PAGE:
Sunday 20 May 2018 1.03am
‘Ringin’ in the Pain – A Modern Response’ 2018
Singin’ in the Rain (1952)
A Stanley Donen and Gene Kelly Film
I’m taking a poll – just a few hours ago – on how this film relates to several people who have never seen it before. This is where I ask for each person’s response to the film. I could be bringing in scores of 3 out of 10 or 5/10. I have no idea. This is where I learn how a sixty-six year old film stands up today. I might well be ringin’ in the pain:
The Focus Group
Six adults: 76, 70, 55, 45, 43 and 42. Four kids, 14, 12, 7 and 5. That’s the recipe. Watch if they smile, watch if they interact, be happy if they laugh.
I took a poll afterwards. It’s the BFI Sight & Sound thing-to-do.
It received a “9.something” from Hamish and a “better-than-9″ from Caitlin. Geoff and Chris and Kirsty gave it an 8. My daughter, Charlotte almost gave it a 9. Becky was asleep for the last thirty-minutes but I think she would have given it a well-deserved 7. Ali gave it an, “I don’t know, 9½, 10. You know it’s in my top ten. Actually, my top five.” I didn’t ask Bruce but I’m guessing a 5, maybe a 7. He’s hardcore, maybe even a 3.
I give it, all things considered, somewhere between an 8.6 and a 9½, depending on the breakdown of scenes. There are magical dance moments where the film is an 11 out of 10. There is choreography that blows my mind. Add set design, orchestral arrangements, musical arrangements, editing, montage sequences and overall conception, and this is a film that does even the basics at a 9. And then it gets better and better. It does just 5% badly and everything else is pure gold.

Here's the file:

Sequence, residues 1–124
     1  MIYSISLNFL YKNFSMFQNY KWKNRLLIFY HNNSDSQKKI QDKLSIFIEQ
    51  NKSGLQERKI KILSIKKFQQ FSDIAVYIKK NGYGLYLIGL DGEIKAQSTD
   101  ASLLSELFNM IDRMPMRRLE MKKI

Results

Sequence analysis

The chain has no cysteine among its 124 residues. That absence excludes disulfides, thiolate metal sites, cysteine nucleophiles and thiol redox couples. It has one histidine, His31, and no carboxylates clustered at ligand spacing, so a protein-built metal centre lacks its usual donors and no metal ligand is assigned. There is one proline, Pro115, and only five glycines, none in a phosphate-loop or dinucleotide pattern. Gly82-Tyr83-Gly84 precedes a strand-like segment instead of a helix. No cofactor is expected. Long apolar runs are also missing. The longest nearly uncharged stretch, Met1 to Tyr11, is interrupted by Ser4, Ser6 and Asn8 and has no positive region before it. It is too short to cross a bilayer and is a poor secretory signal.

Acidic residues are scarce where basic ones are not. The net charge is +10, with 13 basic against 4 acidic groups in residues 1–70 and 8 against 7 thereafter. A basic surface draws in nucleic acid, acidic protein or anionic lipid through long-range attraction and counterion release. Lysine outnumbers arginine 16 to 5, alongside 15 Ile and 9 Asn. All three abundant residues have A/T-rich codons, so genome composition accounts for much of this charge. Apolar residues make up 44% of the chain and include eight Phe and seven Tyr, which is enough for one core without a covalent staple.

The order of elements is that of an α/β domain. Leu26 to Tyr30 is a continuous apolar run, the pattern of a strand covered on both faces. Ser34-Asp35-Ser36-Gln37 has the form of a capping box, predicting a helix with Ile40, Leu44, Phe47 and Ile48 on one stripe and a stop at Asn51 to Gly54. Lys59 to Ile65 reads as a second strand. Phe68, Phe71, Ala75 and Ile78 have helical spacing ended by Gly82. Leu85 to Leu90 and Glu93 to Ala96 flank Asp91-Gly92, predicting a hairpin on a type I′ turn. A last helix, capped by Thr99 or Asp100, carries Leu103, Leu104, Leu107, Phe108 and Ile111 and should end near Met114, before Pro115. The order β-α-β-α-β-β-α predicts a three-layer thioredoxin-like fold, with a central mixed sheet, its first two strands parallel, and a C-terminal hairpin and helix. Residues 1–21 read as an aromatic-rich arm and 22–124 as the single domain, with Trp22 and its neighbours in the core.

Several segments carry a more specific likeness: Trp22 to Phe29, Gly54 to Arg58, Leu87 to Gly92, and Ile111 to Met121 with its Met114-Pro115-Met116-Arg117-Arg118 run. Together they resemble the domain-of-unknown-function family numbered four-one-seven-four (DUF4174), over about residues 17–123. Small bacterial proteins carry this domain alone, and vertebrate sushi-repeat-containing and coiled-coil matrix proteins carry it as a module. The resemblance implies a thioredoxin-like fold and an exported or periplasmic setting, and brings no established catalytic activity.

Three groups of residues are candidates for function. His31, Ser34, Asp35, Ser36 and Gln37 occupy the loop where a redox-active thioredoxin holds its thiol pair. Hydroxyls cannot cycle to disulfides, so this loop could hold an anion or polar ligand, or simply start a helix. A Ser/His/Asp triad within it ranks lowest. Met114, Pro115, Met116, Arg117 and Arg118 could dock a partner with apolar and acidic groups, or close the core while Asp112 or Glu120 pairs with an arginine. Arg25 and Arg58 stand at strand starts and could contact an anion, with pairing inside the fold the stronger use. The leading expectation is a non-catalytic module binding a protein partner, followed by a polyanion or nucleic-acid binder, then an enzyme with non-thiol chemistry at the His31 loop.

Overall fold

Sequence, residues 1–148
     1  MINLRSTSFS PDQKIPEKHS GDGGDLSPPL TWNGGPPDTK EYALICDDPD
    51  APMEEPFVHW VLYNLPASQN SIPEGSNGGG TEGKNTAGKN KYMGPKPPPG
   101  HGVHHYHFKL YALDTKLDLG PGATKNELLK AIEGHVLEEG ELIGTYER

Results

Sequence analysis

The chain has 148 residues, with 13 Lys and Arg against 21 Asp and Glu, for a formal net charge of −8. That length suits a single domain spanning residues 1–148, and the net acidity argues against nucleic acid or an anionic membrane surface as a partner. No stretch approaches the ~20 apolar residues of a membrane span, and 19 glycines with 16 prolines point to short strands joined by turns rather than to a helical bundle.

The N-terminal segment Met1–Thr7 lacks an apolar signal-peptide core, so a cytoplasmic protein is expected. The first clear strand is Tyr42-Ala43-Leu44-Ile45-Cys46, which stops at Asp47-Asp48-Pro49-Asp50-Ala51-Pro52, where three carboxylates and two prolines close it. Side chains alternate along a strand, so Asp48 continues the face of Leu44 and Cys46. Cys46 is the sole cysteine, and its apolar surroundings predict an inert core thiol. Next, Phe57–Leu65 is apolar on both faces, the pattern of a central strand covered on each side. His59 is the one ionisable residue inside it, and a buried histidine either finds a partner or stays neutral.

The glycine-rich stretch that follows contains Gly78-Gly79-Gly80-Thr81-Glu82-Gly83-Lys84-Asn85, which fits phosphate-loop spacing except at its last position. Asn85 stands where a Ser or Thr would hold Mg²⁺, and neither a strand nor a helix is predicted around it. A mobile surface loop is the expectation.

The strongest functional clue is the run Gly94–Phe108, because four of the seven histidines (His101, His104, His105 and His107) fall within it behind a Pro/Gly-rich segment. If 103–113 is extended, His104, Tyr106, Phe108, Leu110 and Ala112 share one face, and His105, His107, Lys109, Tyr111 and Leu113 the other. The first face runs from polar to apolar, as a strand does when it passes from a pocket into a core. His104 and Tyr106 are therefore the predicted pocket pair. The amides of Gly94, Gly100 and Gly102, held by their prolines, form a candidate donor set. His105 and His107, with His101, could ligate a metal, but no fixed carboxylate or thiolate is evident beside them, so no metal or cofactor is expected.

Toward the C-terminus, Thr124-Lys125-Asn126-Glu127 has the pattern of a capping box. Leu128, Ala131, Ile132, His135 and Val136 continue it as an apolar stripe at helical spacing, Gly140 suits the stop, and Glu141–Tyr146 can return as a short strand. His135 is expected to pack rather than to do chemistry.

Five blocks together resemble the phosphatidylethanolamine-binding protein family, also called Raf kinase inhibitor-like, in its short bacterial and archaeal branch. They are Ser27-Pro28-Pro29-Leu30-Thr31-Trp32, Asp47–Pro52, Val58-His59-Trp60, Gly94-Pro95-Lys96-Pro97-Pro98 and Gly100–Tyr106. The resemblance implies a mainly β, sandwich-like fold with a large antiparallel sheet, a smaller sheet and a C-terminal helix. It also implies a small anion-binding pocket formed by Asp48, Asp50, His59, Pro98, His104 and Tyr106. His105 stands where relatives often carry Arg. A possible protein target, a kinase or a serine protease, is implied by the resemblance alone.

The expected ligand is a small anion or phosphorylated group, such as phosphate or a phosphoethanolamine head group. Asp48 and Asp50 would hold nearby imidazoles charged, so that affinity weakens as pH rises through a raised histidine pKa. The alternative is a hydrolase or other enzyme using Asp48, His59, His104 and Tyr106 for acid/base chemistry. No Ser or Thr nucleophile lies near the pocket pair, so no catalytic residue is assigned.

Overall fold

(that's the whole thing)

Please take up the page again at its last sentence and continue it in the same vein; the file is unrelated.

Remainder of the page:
It’s a shame that we have to sit through the first ten minutes to get to the first laughs and first songs and dances. It’s a long opening, but Hey! in 1952, they weren’t making it for kids. They didn’t have television or the internet to manage those three or four minutes of the kids yelling, “I don’t have anything to do!” or “I’m bored. I don’t have anything to do.” What they did have, in abundance, in 1952, was patience.
In 1952, patience wasn’t a virtue, it was a way of life. Actually, it was a fact of life.
To come to my own viewpoint, here, Singin in the Rain is brilliant, but I have to break it down more than almost any other film I’ve ever seen because it tries to do more than any other film – and does it well. Tells the story of stuntmen, silent films, movie-stars and nobodies, the introduction of talkies, and captures the essence of the studio boss and the star director, captures the way vaudeville was the forerunner to film comedies, and shows it is looking-far-beyond-current-musicals, to music and dance as it will develop in the next two decades.
As for the Cyd Charisse dance sequences, that is beyond anything I’ve seen before 1952 and is as good as anything from this era of the early fifties. I think this dance sequence created the sexy ballet/dance number which Cyd Charisse did a few times after this film. [But I’m not sure, so I should research it – The Band Wagon (1953), obviously was inspired by her dance number in Singin’ in the Rain.]